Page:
Life & Death of the Wicked Lady Skelton

books

At my local library there is a fantastic thing that happens periodically. The highlight of a book lover’s day. That is the appearance of a box full of free books. This happens when, for whatever reason, the library either doesn’t have need of a certain book, they have too many copies of a book, or the book is simply in condition to poor to occupy their limited shelf space. Recently, among the free books, I saw a curious looking old hardback book. It was a midnight blue color, a little spotted with age and wear. It caught my attention and I turned it over in my hands. I found myself further intrigued by the title written in gold on its weathered spine. Life & Death of the Wicked Lady Skelton. I opened it up and scanned the first page. (This is the bad thing about these older books, it didn’t have a description at all.) It seemed to be perhaps about a haunted house or something, and I just like everything about old books: the look of weather and wear, the feel of the worn covers and rough pages, and the smell, the pretty lettering, and so it went home with me.

I later looked the book up online at home and found that I was very lucky to find it, indeed. It seems the book is out of print and not the easiest to get your hands on. I read the descriptions I could find and found out that the plot of the book was not at all what expected, but something much more unique and interesting.

Life and Death of the Wicked Lady Skelton by Magdalen King-Hall is a novel published in 1946. The book begins with a woman living in a fairly infamous house in England around the time of the first world war, plagued by mysterious happenings and an overwhelming sense of malignancy and foreboding. The current lady of the house begins to look into its nooks and crannies as part of a renovation and discovers a chest full of possessions belonging to the previous lady of the house, the source of the lingering unease. In the second part of the book, we are taken through the life of the wicked Lady Skelton, beginning to end. The story at this point centers around her life and explores completely her motivations, chronicling her descent into wickedness.

I honestly expected this book to be mild and tame, even having read descriptions, which I won’t go as deeply into here to avoid spoiling everything. I knew it wouldn’t be about a prim and proper lady. Still, trust me when I say that the main character in this novel lives up to her reputation. She is in fact wicked, even by my modern standards. Unbelievably self absorbed and flippant, she cares not at all for anyone’s feelings, needs, desires, or human life. She is self absorbed to an unsettling extreme, but it is never so obvious to anyone around her in her life. I am not a mental health professional, but I would say she would most likely qualify as a sociopath. You love to hate her, but sometimes you might even find yourself more disturbingly, beginning to sympathize with her reasoning.

I am quite certain there’s definitely something to be said about human nature in this book, and any women and gender studies class would have a field day trying to pick it apart. There is so much of the extreme of traditional masculinity in her character as well as an almost equal degree of archaic feminine frailty, or at least the illusion thereof. This, mainly becoming evident in her romantic relationships, or entanglements, as the terms may suit, respectively. Yes, there is romance in this book, if you choose to call it that. (Even a steamy love scene.) However each of these is just as twisted and warped as everything else in her life and in its own way, spurs her on to destruction, both of self and others. It’s dramatic, it’s a little violent, a little disturbing, a little scandalous, and very surprising.  Ah, 1946, you’re much naughtier than I expected.  I’m very curious to know whether the 1940’s film adaptation of the novel was watered down.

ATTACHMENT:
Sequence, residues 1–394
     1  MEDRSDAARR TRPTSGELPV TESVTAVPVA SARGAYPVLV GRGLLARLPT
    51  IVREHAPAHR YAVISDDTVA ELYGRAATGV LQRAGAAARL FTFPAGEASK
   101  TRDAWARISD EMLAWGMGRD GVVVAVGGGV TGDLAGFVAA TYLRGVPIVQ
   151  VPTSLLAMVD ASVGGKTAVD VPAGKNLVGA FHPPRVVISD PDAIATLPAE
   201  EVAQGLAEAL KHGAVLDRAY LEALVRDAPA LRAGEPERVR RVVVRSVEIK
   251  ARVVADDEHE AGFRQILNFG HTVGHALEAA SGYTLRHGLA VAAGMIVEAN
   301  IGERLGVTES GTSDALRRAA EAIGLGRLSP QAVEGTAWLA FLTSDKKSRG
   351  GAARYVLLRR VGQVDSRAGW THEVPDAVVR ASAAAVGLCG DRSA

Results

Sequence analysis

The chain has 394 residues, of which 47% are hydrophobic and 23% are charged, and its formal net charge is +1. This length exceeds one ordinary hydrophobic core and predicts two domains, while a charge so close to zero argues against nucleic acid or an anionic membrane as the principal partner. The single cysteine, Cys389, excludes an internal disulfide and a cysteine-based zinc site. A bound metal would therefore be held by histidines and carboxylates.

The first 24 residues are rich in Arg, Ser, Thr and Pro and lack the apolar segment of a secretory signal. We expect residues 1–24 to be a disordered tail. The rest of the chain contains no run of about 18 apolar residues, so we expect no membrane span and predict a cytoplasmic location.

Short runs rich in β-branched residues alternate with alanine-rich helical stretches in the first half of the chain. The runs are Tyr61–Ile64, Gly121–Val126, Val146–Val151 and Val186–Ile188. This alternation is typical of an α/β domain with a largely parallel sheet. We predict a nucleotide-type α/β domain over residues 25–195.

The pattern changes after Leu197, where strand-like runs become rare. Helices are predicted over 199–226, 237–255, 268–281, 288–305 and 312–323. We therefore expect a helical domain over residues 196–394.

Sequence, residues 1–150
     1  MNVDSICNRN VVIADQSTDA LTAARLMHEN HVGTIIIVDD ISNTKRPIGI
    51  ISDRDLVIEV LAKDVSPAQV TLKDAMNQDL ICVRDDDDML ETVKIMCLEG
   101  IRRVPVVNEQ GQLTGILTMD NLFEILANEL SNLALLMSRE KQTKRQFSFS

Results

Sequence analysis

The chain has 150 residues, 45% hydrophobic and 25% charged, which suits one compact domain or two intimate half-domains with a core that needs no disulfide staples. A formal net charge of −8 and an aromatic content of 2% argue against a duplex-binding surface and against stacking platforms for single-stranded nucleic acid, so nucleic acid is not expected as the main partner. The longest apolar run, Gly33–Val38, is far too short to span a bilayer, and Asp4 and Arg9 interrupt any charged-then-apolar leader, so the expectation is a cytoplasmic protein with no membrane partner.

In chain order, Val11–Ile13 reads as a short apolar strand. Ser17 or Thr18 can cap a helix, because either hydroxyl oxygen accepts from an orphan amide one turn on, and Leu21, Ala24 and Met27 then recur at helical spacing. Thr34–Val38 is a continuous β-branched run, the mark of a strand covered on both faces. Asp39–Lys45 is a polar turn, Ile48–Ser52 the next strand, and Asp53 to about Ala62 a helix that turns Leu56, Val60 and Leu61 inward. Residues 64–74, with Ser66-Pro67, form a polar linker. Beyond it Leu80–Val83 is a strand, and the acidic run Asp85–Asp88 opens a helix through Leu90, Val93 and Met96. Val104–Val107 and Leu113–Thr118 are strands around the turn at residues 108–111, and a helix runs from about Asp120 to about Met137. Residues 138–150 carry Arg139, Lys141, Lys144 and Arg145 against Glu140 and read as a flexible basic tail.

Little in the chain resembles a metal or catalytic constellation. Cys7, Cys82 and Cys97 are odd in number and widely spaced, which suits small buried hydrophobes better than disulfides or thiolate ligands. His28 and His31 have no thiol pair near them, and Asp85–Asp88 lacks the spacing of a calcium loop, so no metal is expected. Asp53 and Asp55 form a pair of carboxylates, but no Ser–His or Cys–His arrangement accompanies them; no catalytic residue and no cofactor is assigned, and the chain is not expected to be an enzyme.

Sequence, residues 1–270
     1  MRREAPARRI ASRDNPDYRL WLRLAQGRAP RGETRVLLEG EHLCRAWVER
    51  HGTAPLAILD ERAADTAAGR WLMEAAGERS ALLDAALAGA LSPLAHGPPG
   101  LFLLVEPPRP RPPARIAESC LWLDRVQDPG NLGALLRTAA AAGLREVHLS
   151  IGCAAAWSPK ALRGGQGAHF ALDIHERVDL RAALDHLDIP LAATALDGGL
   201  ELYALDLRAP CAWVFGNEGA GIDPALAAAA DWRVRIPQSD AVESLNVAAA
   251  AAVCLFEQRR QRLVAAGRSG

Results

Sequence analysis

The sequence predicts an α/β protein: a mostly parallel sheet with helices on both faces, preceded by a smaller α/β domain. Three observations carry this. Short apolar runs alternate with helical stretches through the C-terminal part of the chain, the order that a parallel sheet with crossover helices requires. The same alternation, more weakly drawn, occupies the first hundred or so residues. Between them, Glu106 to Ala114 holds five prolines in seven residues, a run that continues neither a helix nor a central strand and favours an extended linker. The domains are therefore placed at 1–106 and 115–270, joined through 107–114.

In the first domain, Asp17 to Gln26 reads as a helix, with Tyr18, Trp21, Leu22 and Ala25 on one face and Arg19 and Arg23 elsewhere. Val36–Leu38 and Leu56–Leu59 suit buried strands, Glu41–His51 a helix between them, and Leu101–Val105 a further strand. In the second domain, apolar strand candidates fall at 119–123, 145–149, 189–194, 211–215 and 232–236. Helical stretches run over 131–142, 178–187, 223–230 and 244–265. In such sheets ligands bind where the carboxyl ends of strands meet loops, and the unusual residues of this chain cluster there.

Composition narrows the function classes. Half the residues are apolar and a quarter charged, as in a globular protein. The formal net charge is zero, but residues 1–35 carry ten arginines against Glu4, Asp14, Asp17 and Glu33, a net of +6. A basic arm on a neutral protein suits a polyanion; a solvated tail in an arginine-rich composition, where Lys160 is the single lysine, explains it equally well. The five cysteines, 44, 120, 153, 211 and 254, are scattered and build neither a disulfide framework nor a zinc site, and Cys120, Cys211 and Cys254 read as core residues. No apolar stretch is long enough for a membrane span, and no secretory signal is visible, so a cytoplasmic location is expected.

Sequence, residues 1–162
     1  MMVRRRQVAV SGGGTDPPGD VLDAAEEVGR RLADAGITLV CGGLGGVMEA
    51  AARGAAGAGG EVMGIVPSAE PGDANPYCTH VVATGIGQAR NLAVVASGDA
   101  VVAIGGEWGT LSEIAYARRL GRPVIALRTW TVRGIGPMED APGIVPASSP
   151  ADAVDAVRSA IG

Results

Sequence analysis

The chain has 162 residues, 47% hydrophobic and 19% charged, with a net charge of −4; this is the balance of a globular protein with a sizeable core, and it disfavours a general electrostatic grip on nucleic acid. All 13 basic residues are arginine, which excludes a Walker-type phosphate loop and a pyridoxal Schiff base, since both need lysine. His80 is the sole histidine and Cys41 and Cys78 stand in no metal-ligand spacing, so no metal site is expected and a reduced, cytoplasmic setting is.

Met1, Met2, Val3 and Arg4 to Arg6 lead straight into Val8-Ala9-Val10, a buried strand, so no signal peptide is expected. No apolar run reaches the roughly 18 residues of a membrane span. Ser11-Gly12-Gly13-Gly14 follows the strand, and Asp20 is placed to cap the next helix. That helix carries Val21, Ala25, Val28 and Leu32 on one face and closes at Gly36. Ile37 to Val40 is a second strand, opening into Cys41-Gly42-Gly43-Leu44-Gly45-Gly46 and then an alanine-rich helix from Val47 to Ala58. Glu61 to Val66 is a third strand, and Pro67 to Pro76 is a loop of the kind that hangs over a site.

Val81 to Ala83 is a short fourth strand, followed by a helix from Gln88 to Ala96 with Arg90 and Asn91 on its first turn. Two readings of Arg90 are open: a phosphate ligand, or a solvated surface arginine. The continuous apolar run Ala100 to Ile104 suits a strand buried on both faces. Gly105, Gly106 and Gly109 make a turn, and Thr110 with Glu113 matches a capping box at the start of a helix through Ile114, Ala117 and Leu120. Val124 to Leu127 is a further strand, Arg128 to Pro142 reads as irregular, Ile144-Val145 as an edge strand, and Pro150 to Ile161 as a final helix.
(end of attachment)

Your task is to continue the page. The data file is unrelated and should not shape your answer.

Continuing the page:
If you’re someone who takes a secret, or not so secret, pleasure in rooting for the villain now and then, this is the book for you. I am not that person, but still, I found myself a little too entertained by her unapologetic havoc. I was that person who says “Ooh… He’s gonna get it!” Then treats myself to another piece of candy while I revel in the excitement. Don’t act like you’ve never done it.  I know how many people like Game of Thrones!

I recommend this book if you can lay hands on it. Precious few will be touching my copy.

 

Some quotes from the book:

“With patience and perseverance you can drive a snail to Jerusalem.”

A placid colourless life, one would say, and a placid colourless personality.

It fascinated her now, as it had fascinated her since childhood, to see how the water for ever changing was yet for ever constant, forming itself even as it flowed away into the same pattern of ripples, swirls and eddies, ceaseless movement thus creating perfect immutability.

“Tell one, tell all.”

“Read but take heed that you such actions shun, For honesty is best when all is done.”–The English Rogue, 1688

“Take heed of inning at the fairest signs, The swan hath black flesh under white feathers.”

For what end and to what purpose had her body flowered to its present perfection, her face achieved its present curious loveliness?

Barbara herself had felt very much better since she had committed this violence, mild as it was, against her sister-in-law. She felt that she would be able to bear Henrietta’s patronage in future with Christian patience and exemplary equanimity!

“For a beautiful woman, there are better ways of deluding the tedium of life than trotting the highways.”

 

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